HOUSESTEADS ROMAN FORT
Housesteads Roman Fort was a large infantry fort constructed along the line of Hadrian’s Wall. It was garrisoned by a regiment recruited from Belgium and remained occupied for around 300 years. Today it is the most complete of any Roman Fort in Britain and offers a unique insight into Roman military operations.
By the early second century AD Roman forces had been in Britain for almost sixty years but, although successful campaigns had been waged in the far north of Scotland, military cutbacks had meant the northern extremity of their occupation had settled upon the Stanegate Road which ran between the River Tyne and the Solway Firth. For many Romans continued expansion north would have seemed inevitable but all that changed with the accession of Emperor Hadrian in AD 117. He embarked upon a radical policy of entrenchment and consolidation creating physical borders across the Empire, a concept previously alien to Roman ideology. In Britannia, which he visited in AD 122, he ordered the construction of Hadrian's Wall - a substantial frontier system constructed to the north of the Stanegate Road along the Whin Sill, a series of rocky cliffs that formed a strong natural barrier. Work started almost immediately and the original plan was for a continuous wall with two turrets and a fortified gateway, now known as a Milecastle, every Roman mile. One of the turrets, today classified as number 36B, was built on the site of the Housestead Fort. The original intent had been for the garrison of the frontier to remain in the existing forts upon the Stanegate Road but instead the decision was taken to build new forts upon the Wall itself at intervals of around seven miles. Housesteads Fort was one of seventeen such installations on the line of the Wall.
Housesteads was known to the Romans as Vercovicium meaning 'place of the effective fighters'. It was laid out in the traditional 'playing card' shape and covered an area of around five acres. In the centre was the Headquarters building which held the administrative centre and the strong room. This was flanked by a Commanding Officer's house, granaries and a hospital. The remainder of the fort was occupied by barracks and workshops. It was designed to garrison an Auxiliary infantry regiment of around 800 men. The first unit to be stationed there may have been part of the First Cohort of Tungrians (cohors I Tungrorum milliaria peditata), a regiment recruited from the area occupied by modern day Belgium. A civilian settlement, known as a vicus, became established outside the walls of the fort.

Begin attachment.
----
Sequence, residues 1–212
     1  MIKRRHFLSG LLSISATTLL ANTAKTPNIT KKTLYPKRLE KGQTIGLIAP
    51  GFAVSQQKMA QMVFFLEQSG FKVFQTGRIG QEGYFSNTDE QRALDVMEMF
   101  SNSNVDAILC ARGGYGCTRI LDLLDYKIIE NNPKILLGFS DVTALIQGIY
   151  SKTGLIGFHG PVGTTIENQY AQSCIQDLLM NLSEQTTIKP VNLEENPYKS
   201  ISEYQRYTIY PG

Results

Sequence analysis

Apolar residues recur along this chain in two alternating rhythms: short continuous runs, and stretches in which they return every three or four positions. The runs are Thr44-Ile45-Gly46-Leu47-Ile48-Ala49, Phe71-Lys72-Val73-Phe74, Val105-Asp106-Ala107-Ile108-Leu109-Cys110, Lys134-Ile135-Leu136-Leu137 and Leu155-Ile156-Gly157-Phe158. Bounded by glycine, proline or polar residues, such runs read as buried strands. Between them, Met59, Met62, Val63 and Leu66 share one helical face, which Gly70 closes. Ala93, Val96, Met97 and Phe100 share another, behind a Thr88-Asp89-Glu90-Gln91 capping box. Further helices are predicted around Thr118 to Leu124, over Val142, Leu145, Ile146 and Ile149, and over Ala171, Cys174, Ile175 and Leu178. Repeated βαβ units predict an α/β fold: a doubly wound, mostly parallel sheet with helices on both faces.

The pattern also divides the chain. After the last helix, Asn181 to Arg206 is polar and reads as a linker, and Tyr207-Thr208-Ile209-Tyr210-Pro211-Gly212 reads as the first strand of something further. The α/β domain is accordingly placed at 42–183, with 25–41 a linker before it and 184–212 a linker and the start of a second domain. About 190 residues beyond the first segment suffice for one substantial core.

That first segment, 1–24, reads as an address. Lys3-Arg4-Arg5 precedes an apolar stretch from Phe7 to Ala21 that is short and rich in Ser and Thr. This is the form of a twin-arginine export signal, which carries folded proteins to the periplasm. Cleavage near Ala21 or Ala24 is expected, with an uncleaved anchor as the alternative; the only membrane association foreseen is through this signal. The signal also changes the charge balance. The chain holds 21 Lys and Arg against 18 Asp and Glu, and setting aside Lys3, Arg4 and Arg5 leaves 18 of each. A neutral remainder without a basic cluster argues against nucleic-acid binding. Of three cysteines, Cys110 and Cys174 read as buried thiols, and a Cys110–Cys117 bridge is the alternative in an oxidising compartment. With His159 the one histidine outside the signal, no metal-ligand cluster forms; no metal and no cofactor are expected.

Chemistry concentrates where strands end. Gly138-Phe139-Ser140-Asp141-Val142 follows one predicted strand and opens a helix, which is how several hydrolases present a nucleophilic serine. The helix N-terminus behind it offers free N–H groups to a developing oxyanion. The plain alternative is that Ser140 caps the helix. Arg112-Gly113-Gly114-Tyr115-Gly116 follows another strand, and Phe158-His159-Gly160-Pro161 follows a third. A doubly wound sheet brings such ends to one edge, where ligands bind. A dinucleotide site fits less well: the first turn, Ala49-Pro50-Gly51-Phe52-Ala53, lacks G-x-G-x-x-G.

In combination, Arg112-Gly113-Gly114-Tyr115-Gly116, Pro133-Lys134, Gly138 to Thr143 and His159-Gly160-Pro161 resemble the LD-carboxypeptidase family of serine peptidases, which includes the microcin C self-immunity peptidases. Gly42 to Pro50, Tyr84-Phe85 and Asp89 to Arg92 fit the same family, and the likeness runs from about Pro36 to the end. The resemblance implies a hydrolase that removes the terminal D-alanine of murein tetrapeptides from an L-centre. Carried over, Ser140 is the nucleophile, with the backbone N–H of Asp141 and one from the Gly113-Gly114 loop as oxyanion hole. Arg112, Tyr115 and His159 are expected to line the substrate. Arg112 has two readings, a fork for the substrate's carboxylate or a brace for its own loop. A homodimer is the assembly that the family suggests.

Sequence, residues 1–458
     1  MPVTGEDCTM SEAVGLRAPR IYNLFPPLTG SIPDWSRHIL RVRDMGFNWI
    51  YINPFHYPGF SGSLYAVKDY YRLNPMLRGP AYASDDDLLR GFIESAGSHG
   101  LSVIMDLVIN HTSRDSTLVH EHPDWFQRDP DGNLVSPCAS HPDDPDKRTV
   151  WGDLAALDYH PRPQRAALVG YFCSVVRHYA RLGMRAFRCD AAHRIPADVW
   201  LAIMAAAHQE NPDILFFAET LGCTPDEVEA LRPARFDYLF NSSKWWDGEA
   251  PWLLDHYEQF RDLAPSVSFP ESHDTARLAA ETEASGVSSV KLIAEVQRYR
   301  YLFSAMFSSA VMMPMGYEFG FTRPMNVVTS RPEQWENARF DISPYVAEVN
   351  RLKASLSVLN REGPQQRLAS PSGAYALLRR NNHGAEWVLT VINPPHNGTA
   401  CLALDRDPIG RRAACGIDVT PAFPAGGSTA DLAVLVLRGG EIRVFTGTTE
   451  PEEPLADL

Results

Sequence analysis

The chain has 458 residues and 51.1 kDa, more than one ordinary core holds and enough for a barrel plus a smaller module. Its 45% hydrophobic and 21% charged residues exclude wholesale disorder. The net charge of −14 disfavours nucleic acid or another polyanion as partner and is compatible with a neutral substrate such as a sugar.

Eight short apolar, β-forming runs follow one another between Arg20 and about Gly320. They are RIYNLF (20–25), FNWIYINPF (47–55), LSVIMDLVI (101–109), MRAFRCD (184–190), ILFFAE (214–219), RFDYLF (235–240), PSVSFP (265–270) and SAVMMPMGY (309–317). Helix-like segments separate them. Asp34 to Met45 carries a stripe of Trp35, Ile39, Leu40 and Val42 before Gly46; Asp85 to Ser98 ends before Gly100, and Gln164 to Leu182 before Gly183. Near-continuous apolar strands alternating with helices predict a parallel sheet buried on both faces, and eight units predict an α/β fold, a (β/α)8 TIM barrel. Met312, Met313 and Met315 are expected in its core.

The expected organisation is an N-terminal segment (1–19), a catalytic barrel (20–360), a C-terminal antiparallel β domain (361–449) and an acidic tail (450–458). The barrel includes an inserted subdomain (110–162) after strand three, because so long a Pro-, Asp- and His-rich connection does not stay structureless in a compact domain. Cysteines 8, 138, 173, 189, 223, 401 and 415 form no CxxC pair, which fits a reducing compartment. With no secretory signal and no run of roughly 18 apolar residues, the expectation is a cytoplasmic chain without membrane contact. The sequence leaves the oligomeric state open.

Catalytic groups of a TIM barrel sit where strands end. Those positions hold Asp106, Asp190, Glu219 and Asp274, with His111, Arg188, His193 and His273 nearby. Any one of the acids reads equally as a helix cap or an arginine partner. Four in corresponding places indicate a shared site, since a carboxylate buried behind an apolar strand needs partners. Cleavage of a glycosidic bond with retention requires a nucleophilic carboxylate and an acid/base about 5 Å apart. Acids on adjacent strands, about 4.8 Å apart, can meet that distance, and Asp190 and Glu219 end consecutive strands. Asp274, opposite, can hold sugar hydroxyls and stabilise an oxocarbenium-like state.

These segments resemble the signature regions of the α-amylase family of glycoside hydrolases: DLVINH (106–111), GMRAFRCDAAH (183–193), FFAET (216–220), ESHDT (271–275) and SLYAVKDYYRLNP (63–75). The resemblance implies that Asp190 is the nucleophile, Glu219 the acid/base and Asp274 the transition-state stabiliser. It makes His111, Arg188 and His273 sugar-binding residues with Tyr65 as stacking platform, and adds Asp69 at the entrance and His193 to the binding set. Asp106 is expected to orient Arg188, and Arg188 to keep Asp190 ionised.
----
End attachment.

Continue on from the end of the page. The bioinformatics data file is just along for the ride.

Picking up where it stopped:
Emperor Hadrian died in AD 138 and was followed by Antoninus Pius. He sought an easy military victory and ordered his British Legions to advance north and establish a new frontier, the Antonine Wall, along the Clyde/Forth isthmus. Hadrian's Wall was abandoned although not all outposts were decommissioned. Housestead's garrison of Tungrians were re-assigned to Castlecary whilst a detachment of soldiers from the Second Augustan Legion (Legio II Augusta) was moved into the fort to replace them. The new frontier only lasted a few decades before Hadrian's Wall was re-established and by AD 160 the Tungrians were back at Housesteads.
Housesteads Fort was enlarged in the early third century AD during the reign of Emperor Septimius Severus. During this period the Caledones and the Maetae north of the Wall were causing trouble for the Romans and it is likely the modifications made to Housesteads were a reflection of an expanded military presence on the frontier at this time. The Tungarians were still the garrison during this period and the enhanced fort meant it was now big enough to garrison the entire unit. Furthermore other units may have been based at Housesteads possibly including members of the First Cohort of Hamian Bowmen (Cohors Primae Hamiorum Saggitariorum), a regiment of archers recruited from Syria.
The fourth century saw substantial changes to Housesteads Fort. The vicus was abandoned around AD 320 and elements of it seem to have moved within the fort's perimeter. Some of the barrack blocks were adapted into 'chalets' and probably served as accommodation for soldier's families. The defences of the fort were also substantially enhanced suggesting a deterioration in the security situation enjoyed during much of the third century AD.